Athletic Performance

Olympic athletes use self-hypnosis to help them achieve top performance.  United States teams and those of other nations recognize that the power of mental rehearsal is equally as important as physical practice.  Russian teams are taught mental conditioning from the outset of training.

For the average person Hypnocounseling cannot turn a golf duffer into an international champion.  But hypnosis can be used to enable a player to achieve his or her personal best.


”What the mind can conceive, the body can achieve!”

Proof of that statement has been provided countless times.  To train the body to the limits of its capabilities without simultaneously training the mind is to invite, at best, mediocrity.  Sports psychologists have claimed that for Olympic teams 80 percent of an athlete’s performance is in the mind.  Championship players in virtually every form of competition have echoed this belief.

What The Mind Can Do

Mental rehearsal also termed visualization, can create and reaffirm the confidence necessary to achieve top performance.  The picture visualized in the mind can convince the subconscious that achievement is possible. The automatic nervous system performs in exactly the same manner followed during a physical rehearsal.  Neuromuscular coordination improves.  What your mind can conceive, you can achieve.  If you can think it and see it in your mind, you can do it! Hypnocounseling or properly learned and applied self-hypnosis can work to reduce or eliminate the mental obstacles to peak performance in sport activities.  This is an area in which the truth of the phrase ”what the mind can achieve, the body can achieve”, becomes highly evident.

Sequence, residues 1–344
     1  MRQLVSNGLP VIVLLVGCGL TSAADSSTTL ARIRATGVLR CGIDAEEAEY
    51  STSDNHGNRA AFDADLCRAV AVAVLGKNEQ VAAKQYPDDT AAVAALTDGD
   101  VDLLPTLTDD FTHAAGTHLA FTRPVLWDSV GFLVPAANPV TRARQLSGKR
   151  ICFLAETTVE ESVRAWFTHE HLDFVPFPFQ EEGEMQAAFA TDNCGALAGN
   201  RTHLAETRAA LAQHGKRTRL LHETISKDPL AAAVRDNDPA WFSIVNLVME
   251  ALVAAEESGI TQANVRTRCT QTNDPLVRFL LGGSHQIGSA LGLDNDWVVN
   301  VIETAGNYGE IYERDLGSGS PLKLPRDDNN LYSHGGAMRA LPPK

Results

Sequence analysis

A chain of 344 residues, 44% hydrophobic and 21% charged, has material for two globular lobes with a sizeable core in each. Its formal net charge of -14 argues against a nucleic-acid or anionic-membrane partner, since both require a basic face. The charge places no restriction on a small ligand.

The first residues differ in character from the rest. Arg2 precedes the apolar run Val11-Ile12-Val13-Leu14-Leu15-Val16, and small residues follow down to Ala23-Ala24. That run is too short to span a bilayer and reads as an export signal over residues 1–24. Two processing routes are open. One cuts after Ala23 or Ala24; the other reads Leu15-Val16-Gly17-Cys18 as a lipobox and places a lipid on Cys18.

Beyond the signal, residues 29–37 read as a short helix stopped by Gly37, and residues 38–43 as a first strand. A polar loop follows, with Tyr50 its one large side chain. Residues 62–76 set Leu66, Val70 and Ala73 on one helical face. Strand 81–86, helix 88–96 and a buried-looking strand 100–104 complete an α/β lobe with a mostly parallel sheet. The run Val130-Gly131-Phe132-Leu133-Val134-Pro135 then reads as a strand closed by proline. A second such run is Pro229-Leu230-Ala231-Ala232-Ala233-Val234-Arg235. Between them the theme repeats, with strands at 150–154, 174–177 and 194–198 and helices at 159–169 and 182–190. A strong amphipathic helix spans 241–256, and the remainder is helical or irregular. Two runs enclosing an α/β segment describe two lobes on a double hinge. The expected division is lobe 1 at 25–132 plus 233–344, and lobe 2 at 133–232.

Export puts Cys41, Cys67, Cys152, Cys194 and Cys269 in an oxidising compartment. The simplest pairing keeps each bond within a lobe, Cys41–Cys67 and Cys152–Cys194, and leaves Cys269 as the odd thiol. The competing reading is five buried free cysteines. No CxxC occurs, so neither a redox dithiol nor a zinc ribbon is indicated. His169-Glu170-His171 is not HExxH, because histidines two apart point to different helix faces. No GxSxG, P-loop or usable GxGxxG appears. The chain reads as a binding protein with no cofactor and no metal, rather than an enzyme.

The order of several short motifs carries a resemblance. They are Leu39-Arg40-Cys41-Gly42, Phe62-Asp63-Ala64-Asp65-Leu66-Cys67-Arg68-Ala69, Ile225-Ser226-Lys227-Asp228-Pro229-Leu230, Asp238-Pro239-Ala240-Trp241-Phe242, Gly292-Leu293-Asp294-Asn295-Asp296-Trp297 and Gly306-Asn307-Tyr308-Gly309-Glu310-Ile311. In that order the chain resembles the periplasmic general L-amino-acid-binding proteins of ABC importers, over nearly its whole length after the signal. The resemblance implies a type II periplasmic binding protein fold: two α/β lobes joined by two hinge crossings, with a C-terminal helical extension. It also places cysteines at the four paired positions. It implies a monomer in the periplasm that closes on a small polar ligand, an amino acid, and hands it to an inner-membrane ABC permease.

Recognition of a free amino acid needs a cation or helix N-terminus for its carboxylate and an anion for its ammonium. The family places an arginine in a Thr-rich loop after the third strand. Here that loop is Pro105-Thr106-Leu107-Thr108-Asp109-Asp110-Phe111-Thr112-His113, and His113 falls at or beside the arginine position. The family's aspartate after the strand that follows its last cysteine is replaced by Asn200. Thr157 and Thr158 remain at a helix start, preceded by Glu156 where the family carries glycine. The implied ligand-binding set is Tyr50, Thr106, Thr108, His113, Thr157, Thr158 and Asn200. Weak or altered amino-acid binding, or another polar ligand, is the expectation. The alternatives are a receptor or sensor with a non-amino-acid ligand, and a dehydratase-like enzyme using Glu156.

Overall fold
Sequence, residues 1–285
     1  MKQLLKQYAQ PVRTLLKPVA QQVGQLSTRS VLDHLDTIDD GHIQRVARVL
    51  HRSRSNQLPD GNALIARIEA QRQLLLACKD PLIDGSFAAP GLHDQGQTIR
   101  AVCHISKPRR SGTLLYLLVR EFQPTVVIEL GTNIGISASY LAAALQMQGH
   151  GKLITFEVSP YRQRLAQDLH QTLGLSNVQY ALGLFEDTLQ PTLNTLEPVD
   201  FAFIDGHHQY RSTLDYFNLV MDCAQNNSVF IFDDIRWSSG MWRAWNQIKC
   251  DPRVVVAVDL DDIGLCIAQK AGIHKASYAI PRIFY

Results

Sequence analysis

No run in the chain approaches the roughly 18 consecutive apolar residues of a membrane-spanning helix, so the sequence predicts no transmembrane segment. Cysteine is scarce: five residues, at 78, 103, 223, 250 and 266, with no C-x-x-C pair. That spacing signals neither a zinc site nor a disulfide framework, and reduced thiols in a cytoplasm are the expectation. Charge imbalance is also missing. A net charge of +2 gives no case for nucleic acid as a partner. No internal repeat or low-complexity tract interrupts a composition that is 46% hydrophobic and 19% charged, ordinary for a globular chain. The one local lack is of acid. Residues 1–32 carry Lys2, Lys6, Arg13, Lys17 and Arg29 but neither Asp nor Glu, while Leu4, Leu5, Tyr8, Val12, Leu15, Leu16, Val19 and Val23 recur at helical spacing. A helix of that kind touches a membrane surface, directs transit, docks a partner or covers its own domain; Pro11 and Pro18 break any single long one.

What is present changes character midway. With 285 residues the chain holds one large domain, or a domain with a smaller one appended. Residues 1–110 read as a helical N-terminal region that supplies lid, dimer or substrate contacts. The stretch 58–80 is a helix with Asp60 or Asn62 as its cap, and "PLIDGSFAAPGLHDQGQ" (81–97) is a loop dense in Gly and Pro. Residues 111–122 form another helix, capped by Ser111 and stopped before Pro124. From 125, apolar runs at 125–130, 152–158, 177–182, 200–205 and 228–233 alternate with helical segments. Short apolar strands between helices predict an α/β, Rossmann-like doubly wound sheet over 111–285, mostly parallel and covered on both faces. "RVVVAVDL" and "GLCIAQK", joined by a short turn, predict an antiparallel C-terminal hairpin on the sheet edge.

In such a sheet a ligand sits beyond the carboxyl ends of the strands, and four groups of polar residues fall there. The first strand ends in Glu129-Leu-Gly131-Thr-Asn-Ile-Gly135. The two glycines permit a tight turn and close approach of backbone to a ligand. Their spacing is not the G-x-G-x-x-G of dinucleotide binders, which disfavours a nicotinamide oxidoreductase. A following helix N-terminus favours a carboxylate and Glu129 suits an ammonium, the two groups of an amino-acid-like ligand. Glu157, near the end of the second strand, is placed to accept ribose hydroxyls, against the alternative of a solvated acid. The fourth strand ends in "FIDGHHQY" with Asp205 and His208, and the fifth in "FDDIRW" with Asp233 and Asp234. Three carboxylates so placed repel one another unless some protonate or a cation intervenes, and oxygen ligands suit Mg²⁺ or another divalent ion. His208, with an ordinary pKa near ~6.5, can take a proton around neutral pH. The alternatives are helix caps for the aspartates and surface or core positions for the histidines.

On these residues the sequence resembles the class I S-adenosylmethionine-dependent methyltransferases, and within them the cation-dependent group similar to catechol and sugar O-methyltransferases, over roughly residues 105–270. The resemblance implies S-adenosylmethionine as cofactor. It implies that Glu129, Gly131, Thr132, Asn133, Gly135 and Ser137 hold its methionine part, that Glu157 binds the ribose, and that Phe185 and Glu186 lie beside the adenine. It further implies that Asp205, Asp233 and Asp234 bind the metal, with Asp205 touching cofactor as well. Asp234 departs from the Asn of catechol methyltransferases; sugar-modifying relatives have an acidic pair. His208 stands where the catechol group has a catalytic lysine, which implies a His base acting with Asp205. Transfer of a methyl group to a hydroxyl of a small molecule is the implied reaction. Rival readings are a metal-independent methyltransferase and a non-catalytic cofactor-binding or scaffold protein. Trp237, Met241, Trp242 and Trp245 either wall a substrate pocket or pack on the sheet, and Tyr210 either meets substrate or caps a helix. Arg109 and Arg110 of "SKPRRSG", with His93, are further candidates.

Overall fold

Goal setting is essential.  Without having an objective, it is pointless to begin a task, project or trip.  Goals may be set by athletes, coaches or counselors or a combination thereof.  It is important for goals to be specific, focused on the area in which improvement is desired.  Playing better tennis is not a valid goal.  Improving a serve or backhand is a goal. Goals must be short-term, achievable and step by step, so that both success and completion are experienced.

Concentration is vitally important, and sometimes difficult to develop.  Hypnocounseling has long been an effective means of improving concentration capabilities.  Distractions must be eliminated.  Post-hypnotic cues may prove useful in stimulating both concentration and specific skills.  Visualization, not just in mental rehearsing, but at the moment of performance can produce dramatic results.

Finally, mental rehearsal is the ultimate key to superlative performance.  It can prove more productive than physical practice.  Imagery is not merely visual in nature; it can include all the senses.  In a diving competition, the form of the dive is visual; the smell of the chlorine water is olfactory; the wetness of the entrance is sensual, the cheers of the crowd are auditory.  Perfection requires the use of all senses.